The early lines have installed Oregon as a 3 point favorite, and perhaps the only surprise there is that the margin is not greater considering the two teams' records. Oregon (10-1) lost only to USC, who is playing for the National Championship, and all four of Oklahoma's losses came to Top 25 teams. That signifies both teams are very good squads, just outside the realm of elite this season.
One important factor to consider is Oregon's loss of Senior Quarterback Kellen Clemens to injury. He had thrown for 19 touchdowns and only 4 interceptions before going down for the season. In his absence, Oregon will start Sophomore Dennis Dixon, a highly recruited QB who threw for 6 touchdowns and 3 interceptions after replacing Clemens.
Something else to factor in to the equation might be Oregon's psyche coming into the game. Snubbed from a BCS bowl, there are two possibilies. They could come out emotionally charged, looking to prove something, or they could play flat out of a sense what might have been. A similar situation occurred in last year's Holiday Bowl when a favored Cal team was left out of a BCS bowl and then upset by Texas Tech.
Otherwise, this is a game that figures to be a good one. Oklahoma's offense has steadily improved over the course of the season, and their defense is one of the better in the nation against the run. Oregon's offense has lit up a number of scoreboards, and they figure to pass early and often against the Sooners. That's because OU's main deficiency this year on defense has been against the pass.
And while that points to a big advantage for Oregon, the ground game could be a big one for the Sooners. Oregon has struggled at times this year defending the run, and Adrian Peterson appears to be back at full strength for Oklahoma after busting out with 237 yards in the final regular season game.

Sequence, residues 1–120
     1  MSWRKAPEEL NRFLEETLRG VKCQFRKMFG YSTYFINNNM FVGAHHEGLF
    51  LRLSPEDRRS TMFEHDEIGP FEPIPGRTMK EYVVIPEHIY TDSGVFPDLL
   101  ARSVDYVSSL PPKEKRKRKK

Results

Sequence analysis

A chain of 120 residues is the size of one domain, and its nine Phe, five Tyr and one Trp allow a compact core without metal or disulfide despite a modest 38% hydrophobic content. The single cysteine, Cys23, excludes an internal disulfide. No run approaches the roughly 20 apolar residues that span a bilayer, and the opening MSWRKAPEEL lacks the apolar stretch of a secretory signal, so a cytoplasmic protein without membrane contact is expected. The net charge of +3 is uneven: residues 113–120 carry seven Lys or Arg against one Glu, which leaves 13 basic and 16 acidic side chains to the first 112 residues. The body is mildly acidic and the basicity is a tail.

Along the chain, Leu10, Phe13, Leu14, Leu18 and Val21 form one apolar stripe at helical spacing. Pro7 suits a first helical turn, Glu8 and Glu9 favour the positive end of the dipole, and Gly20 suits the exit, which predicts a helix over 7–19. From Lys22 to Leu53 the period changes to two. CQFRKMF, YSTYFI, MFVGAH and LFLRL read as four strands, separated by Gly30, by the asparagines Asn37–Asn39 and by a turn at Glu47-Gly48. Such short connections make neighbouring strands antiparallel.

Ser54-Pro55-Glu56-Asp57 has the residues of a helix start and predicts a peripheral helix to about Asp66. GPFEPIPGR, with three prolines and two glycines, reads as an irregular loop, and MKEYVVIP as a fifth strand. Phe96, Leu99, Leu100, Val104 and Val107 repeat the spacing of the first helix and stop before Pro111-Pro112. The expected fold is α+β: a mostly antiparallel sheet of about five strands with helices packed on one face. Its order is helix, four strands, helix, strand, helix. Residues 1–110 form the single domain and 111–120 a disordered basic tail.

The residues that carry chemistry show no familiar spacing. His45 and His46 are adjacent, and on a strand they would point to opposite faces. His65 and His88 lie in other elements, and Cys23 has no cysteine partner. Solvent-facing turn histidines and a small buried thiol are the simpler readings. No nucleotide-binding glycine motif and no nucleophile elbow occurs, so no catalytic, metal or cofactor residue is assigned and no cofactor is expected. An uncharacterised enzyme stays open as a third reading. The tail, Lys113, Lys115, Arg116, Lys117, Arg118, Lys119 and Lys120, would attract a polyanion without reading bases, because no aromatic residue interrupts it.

One of the keys to the game could be ball control. OU will probably try to establish their run and control the tempo of the game while Oregon tends to feature an explosive offense with quick strikes.
The Sooners will try to put pressure on Dixon with some zone blitzes and hope to neutralize his running ability, forcing him into mistakes. The Ducks may put some extra guys around the line of scrimmage and dare the young Rhett Bomar to throw on them.
Both teams have plenty of time to prepare for the game so expect a few wrinkles you didn't see during the regular season. Nevertheless, they'll try to play to their strengths. You can probably count on a relatively close contest where mistakes by the young quarterbacks could make the difference.
: And now for my prediction. Although OU's offense has been the subject of much scrutiny this year, the defense has been solid but unspectacular. When they've struggled, it has been against quarterbacks who can move around as well as pass. While I'm not completely convinced Dixon can beat the Sooners through the air, I think he can do damage with his legs.
On the other side of the equation, I don't think the Ducks can adequately prepare for what Adrian Peterson can do. Oregon has given up rushing yards to backs not nearly as talented as AD. Bomar has steadily improved this season as well (the Texas game excluded). For that reason, I expect to see a fairly high-scoring game in the Holiday Bowl tradition.
When it's all said and done, I'm going with the upset. I think these two teams are comparable in talent, despite the differences in record, and this one should come down to the wire. The Sooners, who have been in more close games this season, will find a way to pull it out.
Oklahoma 38, Oregon 35